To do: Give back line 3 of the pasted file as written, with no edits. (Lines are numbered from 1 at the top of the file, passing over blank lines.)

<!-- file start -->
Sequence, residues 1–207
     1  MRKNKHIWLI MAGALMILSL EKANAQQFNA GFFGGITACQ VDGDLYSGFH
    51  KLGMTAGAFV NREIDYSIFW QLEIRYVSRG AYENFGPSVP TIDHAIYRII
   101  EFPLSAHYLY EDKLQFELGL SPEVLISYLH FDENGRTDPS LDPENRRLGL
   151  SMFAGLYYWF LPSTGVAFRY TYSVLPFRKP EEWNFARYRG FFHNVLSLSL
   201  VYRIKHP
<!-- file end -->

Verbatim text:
    51  KLGMTAGAFV NREIDYSIFW QLEIRYVSRG AYENFGPSVP TIDHAIYRII